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German Shepherd

The German Shepherd was single-handedly advanced by the efforts of Captain Max von Stephanitz in the late 1800s. Recognizing the shift away from herding, his ultimate plan was to breed an all purpose working dog. He bred the first dogs and set up the breed's governing body, the Verein Deutsche Sch'ferhunde, which, in turn, created the schutzhund trials. The trials were a breed test for the German Shepherd; any dog which did not pass the test was prohibited to breed. These trials are responsible for how quickly the German Shepherd's working abilities were advanced. After World War I, many British and American soldiers, who were impressed by the breed's abilities, brought home specimens to breed.

Other Names Body Type Personality Coat Health Concerns

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AKC Group: Miscellaneous

Breed Club: German Shepherd Dog Club of America

Rescue Club: The American German Shepherd Rescue Association, Inc.

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Body Type:

  • In general, German Shepherds are a large breed, with males and females weighing in between 75 and 85 pounds
  • Over time, a few different types of German Shepherds have evolved. The three major lines are FCI recognized international working lines, the FCI recognized international show lines, and the North American show lines; these groups are distinguished by their body types and abilities
  • The working lines are bred for ability over appearance, the international show lines are bred for appearance over ability, and the North American show lines, while bred for looks, have developed into a much different type, with sloped backs and angular hocks. Overall, they have strong, well proportioned bodies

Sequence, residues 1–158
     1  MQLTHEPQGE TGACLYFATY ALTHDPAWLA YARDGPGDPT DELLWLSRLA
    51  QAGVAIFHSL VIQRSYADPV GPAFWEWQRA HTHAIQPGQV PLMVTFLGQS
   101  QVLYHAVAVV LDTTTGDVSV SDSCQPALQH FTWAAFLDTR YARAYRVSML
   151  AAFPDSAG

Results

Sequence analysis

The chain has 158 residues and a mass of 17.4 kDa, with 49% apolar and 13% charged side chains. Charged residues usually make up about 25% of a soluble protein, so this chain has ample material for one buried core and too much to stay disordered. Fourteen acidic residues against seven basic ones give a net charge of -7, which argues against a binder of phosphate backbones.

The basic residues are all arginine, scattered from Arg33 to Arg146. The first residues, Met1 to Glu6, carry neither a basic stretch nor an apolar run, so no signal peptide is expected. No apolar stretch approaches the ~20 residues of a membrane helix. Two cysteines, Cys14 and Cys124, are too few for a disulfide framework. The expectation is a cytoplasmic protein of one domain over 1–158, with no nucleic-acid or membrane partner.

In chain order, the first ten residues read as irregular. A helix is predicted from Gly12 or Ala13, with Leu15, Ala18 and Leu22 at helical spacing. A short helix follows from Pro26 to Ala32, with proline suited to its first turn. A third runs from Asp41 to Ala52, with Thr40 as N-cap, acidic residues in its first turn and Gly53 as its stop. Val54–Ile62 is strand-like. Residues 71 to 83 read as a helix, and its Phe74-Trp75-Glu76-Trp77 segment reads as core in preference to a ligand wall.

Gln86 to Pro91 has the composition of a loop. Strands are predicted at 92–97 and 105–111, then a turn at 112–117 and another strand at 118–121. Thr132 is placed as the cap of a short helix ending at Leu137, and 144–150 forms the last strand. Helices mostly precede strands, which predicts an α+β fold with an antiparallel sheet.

• Intelligent, loyal, loving and obedient, German Shepherds can make wonderful pets, if they are well bred and proper research is done by potential owners
  • A person looking for a loving pet probably does not want a working-bred dog, just as someone looking for a search, rescue or guard dog wouldn't want a companion-bred dog. Whichever type is chosen, most German Shepherds form a very strong emotional bond with their owners
  • They tend to be high energy and need to be exercised regularly
  • When properly trained, they will become a loving, protective, essential part of any family


  • They have a rough double coat that sheds year round
  • The predominate color is black and tan/brown, however, some people breed specifically for silver and black, white or blue coats, which are considered to be a fault by most standards

Health Concerns:

  • The average life expectancy of a German Shepherd is 10 to 13 years
  • Because of indiscriminate breeding by people interested solely in profit, certain German Shepherds have become predisposed to certain disorders
  • They are: Hip and Elbow Dysplasia - for this reason, hip scores are strongly recommended before breeding or purchasing a German Shepherd. Bloat: a usually fatal condition where the stomach becomes overstretched by gas and twists within the abdomen. Von Willebrand's Disease - a hereditary blood clotting disorder. Skin Allergies - seasonal or year round; can be treated topically, with medication or allergy desensitization injections
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Tasty Tidbits:
  • The German shepherd's unique guarding and tracking abilities which makes it ideal for police and security work did not happen by accident but occurred through careful breeding from dogs used for herding sheep in Germany for many years
  • The breed developed fast and attracted people who needed dogs as a brave and intelligent working partner
  • This dog's versatility has been tested in many situations, from the last two World Wars to areas stricken by natural disasters
  • To the notorious criminal, it can act as a ruthless guard but to the visually impaired, it can serve as a loyal and affectionate companion. German shepherds have proved to be great pets and strongly devoted to their owners including their families and children

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